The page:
Apologies- this is long…with usual digressions…am just exuberant to be back!
Recently my friends and I were discussing a gossipy story out of Nairobi regarding a certain man’s (alleged) infidelity. A story that came complete with the usual villains: a pregnant mistress (alleged) aka ‘the Homewrecker’ and angels: an (allegedly) estranged wife. Firstly, we were all highly amused by the amount of detail contained in what we can only call third party hearsay- I mean, word out of Nairobi had the gestational progress of ‘the Homewrecker’ well charted and am sure that out there in the ether, exists a story detailing the Whens and Wheres of this affaire. Secondly, we found that most of the vitriol was (not surprisingly) being poured over the alleged mistress- I wondered aloud to one of my friends, “who- under the age of 40 calls such a woman a ‘Homewrecker’?” Thirdly, the gleeful-yet-tempered-with-holier-than-thou attitude which had otherwise decent people spreading this story in their social circles left us feeling uncomfortable- after all, wasn’t this a private matter for the principals to sort out amongst themselves rather than cannon fodder for the gossip militia?
Am not one to sit and pontificate over what is right and wrong about people’s relationships- as a human being prone to error myself and all, I think that I am barred from writing the ‘New 10 commandments’ of relationships, so hearing about another man with another woman not his wife didn’t shatter my world or leave me urging vengeance on ‘the Homewrecker’ or ‘the Philanderer’ or feeling excessive pity for ‘the Devoted Wife’. Rather, I was left thinking, “and how does this affects me?”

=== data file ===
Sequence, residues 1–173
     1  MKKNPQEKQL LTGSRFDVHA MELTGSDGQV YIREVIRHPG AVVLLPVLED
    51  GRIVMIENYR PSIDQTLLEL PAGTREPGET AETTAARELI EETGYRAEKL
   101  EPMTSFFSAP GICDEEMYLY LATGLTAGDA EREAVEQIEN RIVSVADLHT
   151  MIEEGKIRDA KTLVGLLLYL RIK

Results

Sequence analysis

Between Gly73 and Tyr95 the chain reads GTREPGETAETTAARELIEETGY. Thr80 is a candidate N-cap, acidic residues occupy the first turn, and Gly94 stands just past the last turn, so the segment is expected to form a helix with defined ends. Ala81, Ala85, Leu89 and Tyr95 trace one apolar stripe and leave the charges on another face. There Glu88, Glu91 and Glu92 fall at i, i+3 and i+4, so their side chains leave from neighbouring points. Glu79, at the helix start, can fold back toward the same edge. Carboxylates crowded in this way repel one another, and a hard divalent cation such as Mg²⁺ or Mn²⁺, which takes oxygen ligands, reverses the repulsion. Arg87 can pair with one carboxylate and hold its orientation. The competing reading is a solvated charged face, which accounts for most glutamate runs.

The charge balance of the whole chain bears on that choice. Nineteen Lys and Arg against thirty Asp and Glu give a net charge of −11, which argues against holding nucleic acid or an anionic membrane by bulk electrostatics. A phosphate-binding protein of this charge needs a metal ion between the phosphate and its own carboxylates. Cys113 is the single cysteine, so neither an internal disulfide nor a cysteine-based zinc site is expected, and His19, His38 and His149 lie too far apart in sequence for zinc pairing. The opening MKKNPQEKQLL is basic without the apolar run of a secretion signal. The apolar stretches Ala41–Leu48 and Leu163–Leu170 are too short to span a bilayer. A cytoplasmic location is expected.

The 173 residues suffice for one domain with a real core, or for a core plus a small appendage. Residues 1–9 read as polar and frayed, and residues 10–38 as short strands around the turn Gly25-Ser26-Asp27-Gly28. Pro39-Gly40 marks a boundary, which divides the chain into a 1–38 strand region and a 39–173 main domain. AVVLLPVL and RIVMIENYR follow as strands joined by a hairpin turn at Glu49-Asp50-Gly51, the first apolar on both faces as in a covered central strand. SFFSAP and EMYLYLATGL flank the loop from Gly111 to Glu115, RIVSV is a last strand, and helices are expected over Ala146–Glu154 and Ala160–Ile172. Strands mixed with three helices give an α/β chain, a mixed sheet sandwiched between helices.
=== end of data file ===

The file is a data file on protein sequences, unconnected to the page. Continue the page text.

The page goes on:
Here are some observations made which have brought me to this conclusion:
In Kenya there is a beast of a myth that a woman can ‘steal’ another’s man. Is he a baby to be abducted? A trinket to be snatched away from an undeserving mate as a hawk swoops down on unsuspecting picnickers? Or a set of keys to be casually misplaced and lost? We’ve heard all the expressions: “she stole her cousin’s boyfriend,” when it is considered a shame that a deserving woman has ‘lost’ out to a lesser opponent, “she ‘sliced’ her friend,” usually when the predatory woman is considered to have won a trophy of a guy from a less worthy opponent. “That woman is a Homewrecker,” usually when ‘the Devoted Wife’ launches a blitz attack on ‘the Homewrecker’ or when the local televangelist is denouncing the decline of marriage today. “If you do not ‘behave’/make him happy/watch out you will lose your man!” usually an admonishment from ‘the Devoted Wives’ to women deemed not to be fulfilling the legal requirements of being ‘the Devoted Wife’ or the stuff spouted from most of the local newspapers’ women’s magazines. The women of Kenya it seems are a powerful breed of human that renders the male of the species totally helpless and fair game to their feminine wiles/charm/viciousness/slutiness/virtue.